US pivot to Asia ‘likely to continue on smaller scale’ under Trump

Observers say incoming administration will remain committed to allies, but will put less emphasis on the region

PUBLISHED : Thursday, 10 November, 2016, 9:55pm
UPDATED : Friday, 11 November, 2016, 9:54am

The new administration of ­Donald Trump will not repudiate the US “pivot to Asia” strategy, and it may even strengthen the country’s military capacity and presence around the world, ­according to the president-elect’s top military advisers.

The implications of Trump’s foreign and defence policy ­remain to be seen, but some ­observers have said that a Trump administration might provide strategic opportunities for China to extend its presence in Asia.

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In an opinion piece published in the South China Morning Post on Thursday, James Woolsey, a senior adviser to Trump on national security, said the new administration would need to reverse defence budget cuts and make sure the US was still the leading military force in the world.

“The US sees itself as the holder of the balance of power in Asia and is likely to remain quite determined to protect its allies against Chinese overreach,” Woolsey, who served as CIA director under president Bill Clinton, writes.

“China should realise that our reflexes in Asia are not driven by territorial ambitions.”

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Two other defence advisers to the Trump campaign, Senator Jeff Sessions who sits on the Senate Armed Services Committee, and Congressman Randy Forbes, chairman of a subcommittee on sea power, told Defence News that Trump’s plan would still involve some kind of “Pacific pivot”, but that “the US can’t just put all of its eggs in one basket”.

Sessions, who has been widely tipped as secretary of defence in the new administration, revealed that Trump wanted to upgrade the US military by adding 60,000 troops and building more advanced warships, including cruisers, destroyers and submarines.

In order to make this security plan more feasible, Forbes said that Trump and his defence ­advisers were going to have “an international defence strategy that is driven by the Pentagon and not by the political National ­Security Council”.

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Forbes said this meant the ­incoming president’s defence policy could be more “hawkish” than that of his predecessor, ­Barack Obama.

In his campaign rhetoric, Trump insisted that US allies in the Asia-Pacific region must pay their “fair share” of their national security expenses.

However, Sessions said that it was not easy to work out what exactly these allies should spend their money on, and that they could rest assured that Trump’s administration would continue the US strategic partnership with them.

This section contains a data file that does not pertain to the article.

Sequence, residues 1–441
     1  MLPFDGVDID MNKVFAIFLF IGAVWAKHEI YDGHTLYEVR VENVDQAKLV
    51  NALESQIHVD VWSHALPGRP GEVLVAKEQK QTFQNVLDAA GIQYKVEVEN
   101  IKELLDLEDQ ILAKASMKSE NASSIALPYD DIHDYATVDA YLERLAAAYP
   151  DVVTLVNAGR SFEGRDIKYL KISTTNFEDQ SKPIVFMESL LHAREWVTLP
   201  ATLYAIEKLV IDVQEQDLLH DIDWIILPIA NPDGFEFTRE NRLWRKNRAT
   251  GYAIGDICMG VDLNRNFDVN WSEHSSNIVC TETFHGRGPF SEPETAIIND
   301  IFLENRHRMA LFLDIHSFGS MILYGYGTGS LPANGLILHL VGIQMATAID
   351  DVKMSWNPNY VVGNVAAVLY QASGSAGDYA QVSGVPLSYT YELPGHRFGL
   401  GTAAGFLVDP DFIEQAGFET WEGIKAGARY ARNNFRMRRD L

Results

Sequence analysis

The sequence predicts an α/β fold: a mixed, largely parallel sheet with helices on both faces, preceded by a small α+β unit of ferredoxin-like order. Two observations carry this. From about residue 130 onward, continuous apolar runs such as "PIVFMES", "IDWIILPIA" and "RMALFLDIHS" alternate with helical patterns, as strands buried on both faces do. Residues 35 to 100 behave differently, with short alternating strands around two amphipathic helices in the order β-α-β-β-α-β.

Military observers outside the United States said that they ­believed Trump would not ­completely reverse the current US policy towards Asia, because his decisions would ultimately have to be guided by the country’s ­national interests.

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“President Trump probably will not repudiate the pivot, but he is not likely to embrace, much less highlight, that policy either,” Ted Galen Carpenter, a senior fellow for defence and foreign policy studies at the Cato Institute, said.

“His approach won’t be an isolationist policy, but it will be a more restrained and nationalist policy.”

Dr Rajeev Ranjan Chaturvedy, a research associate at the Institute of South Asian Studies at the National University of Singapore, said that despite Trump’s erratic election rhetoric, the incoming president would likely appoint a seasoned and experienced individual to his team to take care of defence issues.

“Individuals play important roles in shaping policies, but ­certainly national interest is of ­utmost importance.

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“Democratic institutions will temper Trump’s rhetoric,” he said.

“You may expect a repackaging and rebranding of foreign policies in a nuanced way. In his victory speech, Mr Trump talked about common ground and partnership,” Chaturvedy added.

“I am optimistic about Trump’s engagement with Asia.”

However, Shi Yinhong, a specialist on Sino-US relations at Beijing’s Renmin University, said Trump’s election would bring “danger to the world we have been familiar with”.

“A weakened and very disorganised West will give China many strategic opportunities, but also make China’s economic difficulties graver at this economically difficult time. It will also make China even more assertive on the strategic front when prudence has already declined.”